Right click again and select "Remove Selected Triangles" and you'll see that there are a couple of little floating meshes that are likely not a desired part of your model.

What I do is use the two steps above as exploration, looking for problem areas, and then I Undo the repair to get back to my original model unchanged.

Then: Right click the model, click "Select this Shell", and then right click again and select "Extract Selected Triangles as Part".

This pulls the main body out as a separate peice. As long as it doesn't have any missing areas, then I select "Export as STL" and write out the new model, without the little floating debris parts that the original had.

===
The other way to handle the same situation of small floating peices is to upload the model to http://cloud.meshlab.com - it will union all the peices together for you.


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Re: Thin Walls [message #64504 is a reply to message #63750 ] Wed, 20 March 2013 17:59 UTC Go to previous messageGo to next message
avatar Rivka  is currently offline Rivka
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Hi Storysmith,

I thought I reply directly to you because you seem very well in the knowing about Netfabb :}. I have been using Netfabb as you said for checking and repairing when I see the very big exclamation mark. So far so good. And I also check dimensions as you said by clicking on various parts. But I really wondered is there no automatic way of checking your object. I design a lot of wired objects, quite intricate and it is a tedious job to check every part, because apparently I have a blind spot to see where the weak spots are.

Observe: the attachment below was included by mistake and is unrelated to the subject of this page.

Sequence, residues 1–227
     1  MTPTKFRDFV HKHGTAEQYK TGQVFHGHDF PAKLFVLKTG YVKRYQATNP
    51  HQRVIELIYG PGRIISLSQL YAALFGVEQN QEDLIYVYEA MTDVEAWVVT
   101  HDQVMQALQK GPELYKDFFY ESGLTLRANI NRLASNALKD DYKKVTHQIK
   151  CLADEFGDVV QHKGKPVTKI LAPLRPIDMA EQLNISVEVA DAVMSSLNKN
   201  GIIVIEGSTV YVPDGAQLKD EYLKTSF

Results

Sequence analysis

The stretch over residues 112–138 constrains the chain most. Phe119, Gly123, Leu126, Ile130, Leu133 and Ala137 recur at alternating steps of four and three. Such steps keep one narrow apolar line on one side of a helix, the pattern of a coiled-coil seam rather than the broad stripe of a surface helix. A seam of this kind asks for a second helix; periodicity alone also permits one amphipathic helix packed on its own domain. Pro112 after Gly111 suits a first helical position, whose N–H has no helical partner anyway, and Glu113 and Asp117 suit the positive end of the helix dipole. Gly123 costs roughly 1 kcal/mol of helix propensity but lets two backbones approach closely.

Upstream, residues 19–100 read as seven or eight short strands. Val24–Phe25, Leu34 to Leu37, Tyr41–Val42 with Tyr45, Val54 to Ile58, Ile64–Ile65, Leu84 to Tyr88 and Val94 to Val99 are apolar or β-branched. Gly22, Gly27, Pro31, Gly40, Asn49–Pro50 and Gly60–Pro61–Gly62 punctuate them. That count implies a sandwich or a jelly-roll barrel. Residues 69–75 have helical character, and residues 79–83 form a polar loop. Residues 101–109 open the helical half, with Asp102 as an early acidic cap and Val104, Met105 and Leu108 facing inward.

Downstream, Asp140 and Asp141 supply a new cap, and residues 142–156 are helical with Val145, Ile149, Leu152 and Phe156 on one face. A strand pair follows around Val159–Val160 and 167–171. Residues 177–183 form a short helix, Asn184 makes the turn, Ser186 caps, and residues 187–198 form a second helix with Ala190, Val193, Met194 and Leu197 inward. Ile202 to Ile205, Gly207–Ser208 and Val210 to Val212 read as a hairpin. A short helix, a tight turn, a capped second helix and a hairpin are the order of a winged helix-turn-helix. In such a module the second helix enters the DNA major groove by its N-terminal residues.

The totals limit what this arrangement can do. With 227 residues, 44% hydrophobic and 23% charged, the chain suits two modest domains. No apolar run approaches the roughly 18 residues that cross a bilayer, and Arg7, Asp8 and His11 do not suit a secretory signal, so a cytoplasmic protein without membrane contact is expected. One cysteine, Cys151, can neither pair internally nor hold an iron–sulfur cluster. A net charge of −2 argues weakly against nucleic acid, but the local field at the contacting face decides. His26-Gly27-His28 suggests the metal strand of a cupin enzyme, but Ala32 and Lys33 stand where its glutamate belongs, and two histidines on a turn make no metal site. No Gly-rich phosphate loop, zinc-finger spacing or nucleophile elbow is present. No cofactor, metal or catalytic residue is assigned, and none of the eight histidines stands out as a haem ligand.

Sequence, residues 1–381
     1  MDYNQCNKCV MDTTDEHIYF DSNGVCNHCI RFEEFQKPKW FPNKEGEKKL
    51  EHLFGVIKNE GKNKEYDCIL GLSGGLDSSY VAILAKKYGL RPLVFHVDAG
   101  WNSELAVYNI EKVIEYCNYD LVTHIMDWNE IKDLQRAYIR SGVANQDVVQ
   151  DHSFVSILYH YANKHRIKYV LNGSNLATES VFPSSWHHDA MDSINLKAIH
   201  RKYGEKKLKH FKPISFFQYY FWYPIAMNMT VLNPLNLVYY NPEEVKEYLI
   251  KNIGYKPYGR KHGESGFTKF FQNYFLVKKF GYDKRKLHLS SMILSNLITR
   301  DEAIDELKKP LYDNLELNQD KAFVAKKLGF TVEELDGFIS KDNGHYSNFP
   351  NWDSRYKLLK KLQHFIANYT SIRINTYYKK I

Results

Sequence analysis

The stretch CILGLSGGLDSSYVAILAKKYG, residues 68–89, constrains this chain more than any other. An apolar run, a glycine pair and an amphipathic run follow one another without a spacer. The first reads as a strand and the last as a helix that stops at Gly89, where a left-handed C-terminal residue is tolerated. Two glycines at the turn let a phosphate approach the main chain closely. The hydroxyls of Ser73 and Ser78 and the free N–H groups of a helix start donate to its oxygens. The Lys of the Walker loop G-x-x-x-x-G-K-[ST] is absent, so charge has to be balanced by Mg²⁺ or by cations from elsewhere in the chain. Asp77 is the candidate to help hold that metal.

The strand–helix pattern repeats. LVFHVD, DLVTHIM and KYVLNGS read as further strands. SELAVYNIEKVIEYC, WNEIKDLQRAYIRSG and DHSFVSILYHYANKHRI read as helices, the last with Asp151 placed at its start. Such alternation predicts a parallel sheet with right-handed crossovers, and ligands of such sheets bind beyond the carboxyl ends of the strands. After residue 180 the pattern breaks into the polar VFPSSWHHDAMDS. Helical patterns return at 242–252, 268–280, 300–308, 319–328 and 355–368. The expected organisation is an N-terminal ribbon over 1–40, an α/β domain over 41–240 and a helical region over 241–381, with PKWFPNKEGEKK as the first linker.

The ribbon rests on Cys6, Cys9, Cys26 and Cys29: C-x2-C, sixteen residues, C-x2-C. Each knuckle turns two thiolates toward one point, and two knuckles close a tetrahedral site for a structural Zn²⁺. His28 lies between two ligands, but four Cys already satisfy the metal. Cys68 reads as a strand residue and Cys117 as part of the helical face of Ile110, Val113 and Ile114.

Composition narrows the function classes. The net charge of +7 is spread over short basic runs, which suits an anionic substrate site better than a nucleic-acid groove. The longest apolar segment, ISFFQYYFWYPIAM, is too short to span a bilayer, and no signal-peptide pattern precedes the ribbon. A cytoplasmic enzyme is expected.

How does shapeways do it? Do they like, you say see immediately the weak spot and check it.
I would assume they have an automatic system that would check if the model parts have the minimum wall thickness. But I seem not to be able to find this way in Netfabb. I would like to type in 0,75 mm and do an automatic check if there is any part with less than this dimension/wall thickness.
I have asked shapeways how they do it and also I.materialise (oeh can i name the competion 0-o) But again and again I don't get a straight answer and just refer to the basic page. I cannot believe they don't do this automatically and so it probably wouldn't be netfabb but an expensive homemade software
It makes it really frustrating to get the models back again after checking repairing like a lunatic. Also it is a shame that objects still cannot be uploaded with that rigorous check build in instead of paying shipping costs for no objects.

Thank you in advance for your effort for this short question with a lot of build up words and endings bla bla :}.

Greets Rivka
Re: Thin Walls [message #64514 is a reply to message #64504 ] Wed, 20 March 2013 19:31 UTC Go to previous messageGo to next message
avatar stonysmith  is currently offline stonysmith
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Most of Shapeways rejections come from a manual check just before assembly into the "build".
This check is performed by a human, using Netfabb (or a customized version of it).
The people doing this have seen thousands of prints, and can generally spot trouble areas just by sight.

I understand that there is an automated check done at the time of upload, but the parameters on that check are VERY loose. Mostly it checks to see that the overall boundaries correct, and is any part too thin for some specific material. That's why when you upload certain models, it's ONLY available in WSF or why it's NOT available in Sandstone, etc.